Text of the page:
Electricity is a funny thing. We all use it every day, but very few track their usage closely or even know how much juice their devices use. Sense is here to change that, allowing us to tap into our electrical panel and track the electricity our home uses to help us be more efficient and informed, starting at $299.
Sense is a little orange box with a computer inside that gets installed in your home’s electrical panel. It has two sensors that clamp around the two main feeds of your electrical service. These sensors can measure the current and voltage flowing through each of the conductors millions of times per second, which allows Sense to view the wattage running to each appliance or device. Sense measures data at a very granular level, which is more detailed than most of the similar devices on the market.
Sense comes in two versions, the standard Sense unit and the Sense Solar unit, which adds two additional sensors that are clipped around your solar panel’s electrical conductors. The Sense Solar unit adds $50 to the base price of $299 and allows you to track your solar panel array’s production directly alongside your home’s electricity usage. Sense was kind enough to send me the Sense Solar unit for review since we do have solar panels installed on our roof.
Although installation is pretty straightforward, Sense recommends having the Sense unit installed by a licensed electrician…which is pretty smart. Anytime you’re messing with the interior of an electrical panel, you need to know what you’re doing. The unit sits inside your electrical panel with the sensors clamped around the electrical feeds. The built-in Wi-Fi antenna should be poking out of the electrical panel if possible to allow for your Wi-Fi signal to reach the Sense.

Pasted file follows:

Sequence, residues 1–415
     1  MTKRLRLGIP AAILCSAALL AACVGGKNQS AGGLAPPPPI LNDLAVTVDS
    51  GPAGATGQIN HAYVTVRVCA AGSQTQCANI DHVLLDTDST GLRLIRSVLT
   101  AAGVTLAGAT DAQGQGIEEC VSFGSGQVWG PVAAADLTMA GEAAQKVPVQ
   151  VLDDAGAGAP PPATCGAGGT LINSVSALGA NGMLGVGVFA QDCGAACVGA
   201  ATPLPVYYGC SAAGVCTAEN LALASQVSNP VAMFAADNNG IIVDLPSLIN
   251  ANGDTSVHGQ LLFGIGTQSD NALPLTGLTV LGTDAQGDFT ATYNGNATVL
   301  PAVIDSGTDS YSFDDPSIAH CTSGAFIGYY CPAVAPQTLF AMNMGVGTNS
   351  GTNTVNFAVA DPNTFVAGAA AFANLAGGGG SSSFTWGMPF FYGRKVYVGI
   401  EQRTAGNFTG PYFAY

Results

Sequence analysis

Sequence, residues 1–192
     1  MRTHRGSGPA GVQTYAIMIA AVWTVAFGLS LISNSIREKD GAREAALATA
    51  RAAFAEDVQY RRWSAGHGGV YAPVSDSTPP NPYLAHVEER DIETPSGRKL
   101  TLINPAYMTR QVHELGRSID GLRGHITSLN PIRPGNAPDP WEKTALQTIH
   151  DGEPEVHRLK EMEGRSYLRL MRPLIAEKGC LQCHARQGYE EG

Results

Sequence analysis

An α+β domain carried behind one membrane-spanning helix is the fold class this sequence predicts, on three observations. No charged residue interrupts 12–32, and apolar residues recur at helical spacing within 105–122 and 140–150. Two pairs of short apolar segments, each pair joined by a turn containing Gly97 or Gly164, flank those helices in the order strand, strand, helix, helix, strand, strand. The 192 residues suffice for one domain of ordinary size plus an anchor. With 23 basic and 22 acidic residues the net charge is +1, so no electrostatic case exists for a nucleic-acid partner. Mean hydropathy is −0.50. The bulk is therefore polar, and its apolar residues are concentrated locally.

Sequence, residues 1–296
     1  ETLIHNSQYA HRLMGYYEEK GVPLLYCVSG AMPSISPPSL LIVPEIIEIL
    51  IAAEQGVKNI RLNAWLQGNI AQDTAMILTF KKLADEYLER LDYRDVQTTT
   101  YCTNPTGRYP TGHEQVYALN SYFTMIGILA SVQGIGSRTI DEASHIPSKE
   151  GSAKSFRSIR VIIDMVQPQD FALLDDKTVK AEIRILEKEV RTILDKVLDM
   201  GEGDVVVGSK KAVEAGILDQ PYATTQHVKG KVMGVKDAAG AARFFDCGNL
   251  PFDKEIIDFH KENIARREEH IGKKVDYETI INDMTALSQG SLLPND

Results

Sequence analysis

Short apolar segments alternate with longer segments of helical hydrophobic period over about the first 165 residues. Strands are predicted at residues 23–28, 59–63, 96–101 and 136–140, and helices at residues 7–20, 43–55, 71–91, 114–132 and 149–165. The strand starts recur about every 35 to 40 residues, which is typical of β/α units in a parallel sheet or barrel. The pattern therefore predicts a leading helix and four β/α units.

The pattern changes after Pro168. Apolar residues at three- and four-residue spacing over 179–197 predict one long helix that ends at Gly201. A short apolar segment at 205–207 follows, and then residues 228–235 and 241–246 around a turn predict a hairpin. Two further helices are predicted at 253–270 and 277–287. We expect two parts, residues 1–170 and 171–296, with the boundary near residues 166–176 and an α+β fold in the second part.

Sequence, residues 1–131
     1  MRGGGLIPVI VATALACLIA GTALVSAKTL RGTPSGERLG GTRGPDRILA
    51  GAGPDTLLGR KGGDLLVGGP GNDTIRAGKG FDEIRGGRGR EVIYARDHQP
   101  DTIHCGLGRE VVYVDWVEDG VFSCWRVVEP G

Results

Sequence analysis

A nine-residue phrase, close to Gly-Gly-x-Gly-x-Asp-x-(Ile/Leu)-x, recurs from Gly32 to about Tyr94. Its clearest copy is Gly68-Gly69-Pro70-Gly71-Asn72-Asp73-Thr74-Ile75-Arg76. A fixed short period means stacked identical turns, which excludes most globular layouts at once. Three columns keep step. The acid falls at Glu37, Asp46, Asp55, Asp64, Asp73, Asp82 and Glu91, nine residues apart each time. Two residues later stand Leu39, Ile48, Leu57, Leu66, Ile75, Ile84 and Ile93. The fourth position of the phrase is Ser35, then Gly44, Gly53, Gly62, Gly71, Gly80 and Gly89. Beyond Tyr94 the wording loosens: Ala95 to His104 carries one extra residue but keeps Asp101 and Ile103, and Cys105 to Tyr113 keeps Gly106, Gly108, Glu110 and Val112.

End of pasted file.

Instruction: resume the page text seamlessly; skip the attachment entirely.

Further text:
Unfortunately, our electrician initially cut out some of the gypsum board underneath our electrical panel to allow the Wi-Fi antenna to poke out. It looked pretty bad, so we did some DIY work and fixed it so that the Wi-Fi antenna was sticking out vertically through the bottom of the electrical panel behind the gypsum board and it worked out really well.
Overall, the electrician took about 45 minutes to install the Sense. I spoke with him after the installation, and he said it was very simple and that he agrees with Sense in that even though a homeowner could install it easily, it’s best left to the professionals.
Over some time, depending on the size of your home and number of devices connected, Sense will learn your home’s pattern and typical electricity usage with machine learning. After a week or so, my Sense device started recognizing all sorts of devices throughout my home, including lights, our air conditioning unit, our microwave, our dishwasher, and more. It’s really neat to see Sense build a timeline of activity in the house, showing me what time each device turned on, how long it was on for, and much more. This can help you see which devices are over or underused.